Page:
The potential catastrophic consequences of Lessees providing personal Directors guarantees has again been highlighted in an instance where the owners of a failed fresh fruit and vegetables retail shop were ordered to pay $3.5m.

The shopping centre Lessor agreed to grant  a new 10 year lease to an existing tenant with the right to be the sole independent specialty fruit and vegetable retailer.

After the new lease had commenced, an existing nearby IGA supermarket underwent a major refurbishment and began selling fresh food and vegetables which it not previously offered.

The tenant’s profits deteriorated, and they subsequently defaulted on their rental payments.

Negotiations failed to secure any sufficient rent reduction and the landlords terminated the lease. Later, Coles took over the tenant’s premises and the Franklins premises and entered into a new lease at a lower rent than the tenant had paid.

The landlord brought proceedings in the Supreme Court against the tenant and its guarantor for the recovery of rent and damages. The tenant argued that the landlord had mis-represented to the tenant that it would have exclusive rights to sell fresh fruit and vegetables in the shopping centre.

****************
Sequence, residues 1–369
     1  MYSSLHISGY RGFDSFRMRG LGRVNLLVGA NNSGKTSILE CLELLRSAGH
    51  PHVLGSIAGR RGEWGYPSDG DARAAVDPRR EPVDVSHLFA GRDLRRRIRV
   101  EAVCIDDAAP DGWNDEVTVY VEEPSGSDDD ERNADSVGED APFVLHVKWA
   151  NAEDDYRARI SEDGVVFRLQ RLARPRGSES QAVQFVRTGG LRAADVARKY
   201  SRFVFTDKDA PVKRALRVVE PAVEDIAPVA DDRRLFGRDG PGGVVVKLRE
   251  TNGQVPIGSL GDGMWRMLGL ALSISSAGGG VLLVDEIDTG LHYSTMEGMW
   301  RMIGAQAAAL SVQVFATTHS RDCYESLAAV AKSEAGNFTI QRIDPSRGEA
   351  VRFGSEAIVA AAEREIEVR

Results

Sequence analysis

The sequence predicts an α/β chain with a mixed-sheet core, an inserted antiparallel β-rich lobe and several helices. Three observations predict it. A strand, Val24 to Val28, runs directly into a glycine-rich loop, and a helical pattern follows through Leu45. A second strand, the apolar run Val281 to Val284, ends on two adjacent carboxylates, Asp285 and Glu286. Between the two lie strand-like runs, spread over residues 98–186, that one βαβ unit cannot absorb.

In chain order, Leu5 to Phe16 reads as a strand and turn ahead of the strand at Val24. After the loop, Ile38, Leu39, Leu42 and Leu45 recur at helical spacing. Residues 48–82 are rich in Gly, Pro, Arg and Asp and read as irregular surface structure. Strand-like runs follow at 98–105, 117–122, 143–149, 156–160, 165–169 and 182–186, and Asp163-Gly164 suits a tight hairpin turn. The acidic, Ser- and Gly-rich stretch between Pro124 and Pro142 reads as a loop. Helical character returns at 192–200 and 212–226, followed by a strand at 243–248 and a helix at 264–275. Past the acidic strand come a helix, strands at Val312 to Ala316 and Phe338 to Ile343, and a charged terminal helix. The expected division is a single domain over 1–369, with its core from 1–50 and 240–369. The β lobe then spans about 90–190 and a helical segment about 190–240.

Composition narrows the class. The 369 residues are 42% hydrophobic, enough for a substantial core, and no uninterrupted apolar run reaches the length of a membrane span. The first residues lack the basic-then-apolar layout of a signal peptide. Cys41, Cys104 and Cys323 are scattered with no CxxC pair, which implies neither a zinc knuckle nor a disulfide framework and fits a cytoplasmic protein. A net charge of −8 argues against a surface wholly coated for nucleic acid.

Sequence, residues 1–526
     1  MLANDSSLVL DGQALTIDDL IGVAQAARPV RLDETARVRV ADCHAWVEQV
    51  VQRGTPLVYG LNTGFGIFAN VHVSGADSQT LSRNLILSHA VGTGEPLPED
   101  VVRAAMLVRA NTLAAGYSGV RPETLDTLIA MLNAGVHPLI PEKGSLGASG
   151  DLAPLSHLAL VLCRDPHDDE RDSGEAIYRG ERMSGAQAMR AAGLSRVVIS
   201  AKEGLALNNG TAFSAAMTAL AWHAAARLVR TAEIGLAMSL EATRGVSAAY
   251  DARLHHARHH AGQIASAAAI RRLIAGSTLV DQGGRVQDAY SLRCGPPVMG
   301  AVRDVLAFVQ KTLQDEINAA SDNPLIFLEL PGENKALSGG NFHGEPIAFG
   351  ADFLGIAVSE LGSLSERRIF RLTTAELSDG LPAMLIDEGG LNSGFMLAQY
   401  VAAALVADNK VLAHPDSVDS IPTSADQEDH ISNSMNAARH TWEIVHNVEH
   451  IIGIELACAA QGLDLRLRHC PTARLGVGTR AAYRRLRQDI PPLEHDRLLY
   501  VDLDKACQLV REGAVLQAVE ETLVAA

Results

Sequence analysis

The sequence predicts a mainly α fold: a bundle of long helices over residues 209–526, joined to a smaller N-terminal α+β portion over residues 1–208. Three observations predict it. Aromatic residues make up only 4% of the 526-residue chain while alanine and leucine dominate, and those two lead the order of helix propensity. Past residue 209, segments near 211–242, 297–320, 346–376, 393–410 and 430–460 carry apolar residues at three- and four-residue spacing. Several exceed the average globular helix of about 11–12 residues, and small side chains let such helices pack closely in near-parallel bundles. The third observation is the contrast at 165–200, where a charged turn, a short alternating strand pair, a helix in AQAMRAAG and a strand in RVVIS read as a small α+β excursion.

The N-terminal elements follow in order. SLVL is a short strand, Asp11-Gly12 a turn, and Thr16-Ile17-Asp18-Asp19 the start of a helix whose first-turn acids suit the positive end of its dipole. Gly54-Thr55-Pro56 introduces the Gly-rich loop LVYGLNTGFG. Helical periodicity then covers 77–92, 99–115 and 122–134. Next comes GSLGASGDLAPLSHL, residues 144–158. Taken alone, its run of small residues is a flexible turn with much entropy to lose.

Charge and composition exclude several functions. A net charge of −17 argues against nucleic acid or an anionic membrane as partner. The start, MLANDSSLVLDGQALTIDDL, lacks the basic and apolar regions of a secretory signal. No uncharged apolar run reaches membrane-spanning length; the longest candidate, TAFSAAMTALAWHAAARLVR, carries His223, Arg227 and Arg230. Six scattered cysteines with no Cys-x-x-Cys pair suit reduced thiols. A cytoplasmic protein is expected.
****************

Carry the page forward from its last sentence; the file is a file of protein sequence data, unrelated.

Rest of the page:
The Appeal Court endorsed the earlier judgement finding that the word “independent” meant independent of other stores, which did not involve a right of the tenant to be protected against competition from supermarkets and did not have ‘exclusivity’.

As there was no misrepresentation made, there could be no finding that it was misleading or deceptive, or indeed unconscionable for the landlord not to disclose to the tenant that they would in fact soon face new competition through a nearby supermarket refurbishment.

This case highlights several issues:

  • the potentially devastating financial risk that company directors take when giving personal guarantees under a retail lease
  • the need for tenants to seek appropriate legal advice so they clearly understand the implications of the lease terms
  • the need for Valuers to carefully consider exclusive right provisions when undertaking market rent assessments
  • the alternate options of lessee tenants offering limited guarantees or higher rental bond or bank guarantee or limiting their exposure though shorter term leases

NE2 Pty Ltd v P.T. Ltd [2018] NSWCA 10

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